A recent clinical review has now summarized the latest evidence concerning the use of e-cigarettes as aids to smoking cessation.
Do electronic cigarettes cause less harm than smoking, and will they help me quit?
These are the key questions that people who smoke but wish to quit raise with their healthcare professionals.
They are also hot topics in the ongoing debate about the potential benefits and harms of e-cigarettes and their regulation.
The authors of the new review, who work at Aberdeen Royal Infirmary in the United Kingdom, say that their aim is to inform this discussion.
The Journal of the Royal College of Physicians of Edinburgh has now published a paper on their findings.
“Fewer people,” says corresponding study author Abhi Mathur, of the Department of Respiratory Medicine, “are smoking conventional tobacco cigarettes and more people are vaping.”
E-cigarettes are battery-operated devices that people use to inhale, or vape, substances — one of which is nicotine. There are several types across hundreds of brands, and the market is growing.
Conventional cigarettes also deliver nicotine into the lungs through inhalation of tobacco smoke. However, they also deliver toxins such as tar and carbon monoxide deep inside the lungs.
Vaping does introduce some of the harmful substances that accompany cigarette smoke into the body, but research suggests that the levels present in e-cigarettes are much lower.
Figures from the World Health Organization (WHO) confirm that the number of people worldwide who smoke tobacco is falling.
However, while the trend may be in decline, large numbers of people continue to smoke, and the impact on public health is still huge.
In 2015, more than 1.1 billion people smoked tobacco products, and the habit “remains the leading preventable cause of illness and premature death,” note the review authors.
Against this backdrop, the trend in use of e-cigarettes, or vaping, is on the rise, with millions of people using a range of products.
In the United States, the Centers for Disease Control and Prevention (CDC) estimate that 6.9 million adults, or 2.8 percent of all adults, were using e-cigarettes in 2017. This was the same year in which use of conventional cigarettes fell to its lowest level.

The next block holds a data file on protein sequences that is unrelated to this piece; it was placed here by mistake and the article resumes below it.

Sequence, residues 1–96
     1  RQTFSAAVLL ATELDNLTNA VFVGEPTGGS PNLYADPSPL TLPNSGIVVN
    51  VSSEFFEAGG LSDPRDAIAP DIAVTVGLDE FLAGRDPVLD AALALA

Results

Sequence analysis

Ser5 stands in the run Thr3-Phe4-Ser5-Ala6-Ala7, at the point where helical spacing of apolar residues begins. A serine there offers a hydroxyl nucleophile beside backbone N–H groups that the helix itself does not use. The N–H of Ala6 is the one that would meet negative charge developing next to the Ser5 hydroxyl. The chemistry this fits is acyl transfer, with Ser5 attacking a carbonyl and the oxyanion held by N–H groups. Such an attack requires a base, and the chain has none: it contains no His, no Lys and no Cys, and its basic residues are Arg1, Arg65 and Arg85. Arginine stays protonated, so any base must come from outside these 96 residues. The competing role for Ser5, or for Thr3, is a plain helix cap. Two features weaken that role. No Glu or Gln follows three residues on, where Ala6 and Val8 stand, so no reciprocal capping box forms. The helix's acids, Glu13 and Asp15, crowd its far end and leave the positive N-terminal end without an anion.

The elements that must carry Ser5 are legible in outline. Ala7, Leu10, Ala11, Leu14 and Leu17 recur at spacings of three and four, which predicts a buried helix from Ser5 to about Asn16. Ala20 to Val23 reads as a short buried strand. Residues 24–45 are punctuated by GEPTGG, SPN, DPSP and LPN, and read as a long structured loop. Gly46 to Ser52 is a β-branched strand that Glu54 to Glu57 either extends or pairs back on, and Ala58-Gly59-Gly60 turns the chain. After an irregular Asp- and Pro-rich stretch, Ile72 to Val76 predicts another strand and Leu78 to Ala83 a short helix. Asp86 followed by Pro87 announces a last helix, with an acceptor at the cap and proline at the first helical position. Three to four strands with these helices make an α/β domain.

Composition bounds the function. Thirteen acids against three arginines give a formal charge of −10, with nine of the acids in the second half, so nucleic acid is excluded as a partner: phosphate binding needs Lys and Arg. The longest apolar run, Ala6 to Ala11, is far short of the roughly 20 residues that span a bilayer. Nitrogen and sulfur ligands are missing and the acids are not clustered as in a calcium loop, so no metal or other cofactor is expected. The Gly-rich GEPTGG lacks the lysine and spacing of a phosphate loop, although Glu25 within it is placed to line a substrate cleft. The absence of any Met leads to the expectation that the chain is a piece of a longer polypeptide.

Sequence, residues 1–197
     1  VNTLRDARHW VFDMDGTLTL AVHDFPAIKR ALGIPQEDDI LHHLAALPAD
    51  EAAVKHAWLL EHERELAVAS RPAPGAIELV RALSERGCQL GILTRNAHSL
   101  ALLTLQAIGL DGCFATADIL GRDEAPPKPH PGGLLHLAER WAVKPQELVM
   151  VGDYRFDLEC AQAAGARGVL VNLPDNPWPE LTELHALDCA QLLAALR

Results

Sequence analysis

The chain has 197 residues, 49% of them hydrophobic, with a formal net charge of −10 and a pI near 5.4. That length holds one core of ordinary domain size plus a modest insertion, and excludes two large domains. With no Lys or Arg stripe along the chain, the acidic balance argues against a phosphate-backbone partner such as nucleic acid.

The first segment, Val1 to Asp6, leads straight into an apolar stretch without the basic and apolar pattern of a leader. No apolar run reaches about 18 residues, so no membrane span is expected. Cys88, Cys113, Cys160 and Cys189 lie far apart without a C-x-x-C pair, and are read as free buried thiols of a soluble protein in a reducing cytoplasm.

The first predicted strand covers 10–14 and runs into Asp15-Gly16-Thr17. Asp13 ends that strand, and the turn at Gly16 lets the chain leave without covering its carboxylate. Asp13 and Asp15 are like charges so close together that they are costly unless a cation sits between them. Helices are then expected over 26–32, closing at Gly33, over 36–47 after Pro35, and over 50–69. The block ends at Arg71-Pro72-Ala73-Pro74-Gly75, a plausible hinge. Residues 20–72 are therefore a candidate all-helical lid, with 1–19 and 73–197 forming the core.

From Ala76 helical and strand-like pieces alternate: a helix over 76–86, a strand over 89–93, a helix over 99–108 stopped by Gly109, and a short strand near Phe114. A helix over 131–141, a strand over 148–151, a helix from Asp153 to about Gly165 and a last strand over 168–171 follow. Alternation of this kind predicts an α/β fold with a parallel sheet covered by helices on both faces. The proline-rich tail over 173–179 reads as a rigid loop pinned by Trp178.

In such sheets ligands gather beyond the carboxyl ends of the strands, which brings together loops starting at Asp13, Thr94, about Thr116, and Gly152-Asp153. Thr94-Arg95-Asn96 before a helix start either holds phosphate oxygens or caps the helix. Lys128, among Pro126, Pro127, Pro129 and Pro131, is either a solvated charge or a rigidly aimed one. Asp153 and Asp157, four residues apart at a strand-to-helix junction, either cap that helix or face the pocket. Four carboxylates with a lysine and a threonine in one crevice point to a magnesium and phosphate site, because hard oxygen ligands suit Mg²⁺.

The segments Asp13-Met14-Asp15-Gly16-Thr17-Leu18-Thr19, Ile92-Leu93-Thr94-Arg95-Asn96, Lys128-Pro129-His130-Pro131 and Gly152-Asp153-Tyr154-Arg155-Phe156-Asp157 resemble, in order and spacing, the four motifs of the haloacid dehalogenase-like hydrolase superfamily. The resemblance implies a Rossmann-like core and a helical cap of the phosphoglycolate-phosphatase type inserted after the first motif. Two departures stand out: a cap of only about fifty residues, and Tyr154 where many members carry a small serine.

In the U.K., about 6 percent of the population, or 2.9 million adults, used e-cigarettes in 2017. The vast majority of people who use e-cigarettes in the U.K. either smoke or used to smoke, with the latter now outstripping the former.
The rate of e-cigarette use among people who currently smoke in the U.K. stopped rising by 2017, while that among people who used to smoke continued to rise.
In that year, 52 percent of vapers used to smoke, compared with 45 percent who were using both e-cigarettes and conventional tobacco cigarettes.
Only 3 percent of e-cigarette users have never smoked, note the authors. An independent review by an English public health body concluded that while people who have never smoked appear to be trying e-cigarettes, it was unlikely that e-cigarettes were “undermining the long-term decline in cigarette smoking” among young people in the U.K.
People who smoke who switch to e-cigarettes can expect to reduce their cancer risk because they are reducing their exposure to more than 70 known carcinogens in tobacco smoke, note the authors.
They also cite research that puts the “cancer potency” of vaping at less than 0.5 percent of that of tobacco-smoking.
Conventional smoking also raises the risk of developing heart problems and of death associated with them. In fact, more people who smoke die of cardiovascular disease than of cancer.
Smoking just one conventional cigarette per day can increase the risk of heart disease to half that of smoking 20 per day.
The main contributor to this risk is the presence of ultrafine particles that can enter the bloodstream from inhaled cigarette smoke. These can trigger inflammation that harms the heart and circulation system.
Research suggests that vaping can also introduce ultrafine particles into the bloodstream, and the authors cite evidence from several studies about their effects.
Those results may explain why a recent survey of nearly 70,000 people in the U.S. has tied vaping to heart disease. That study suggests that people who vaped every day had a higher risk of heart attack than those who vape occasionally or those who used to vape. This risk persisted when the researchers ruled out the possible effects of also smoking conventional cigarettes.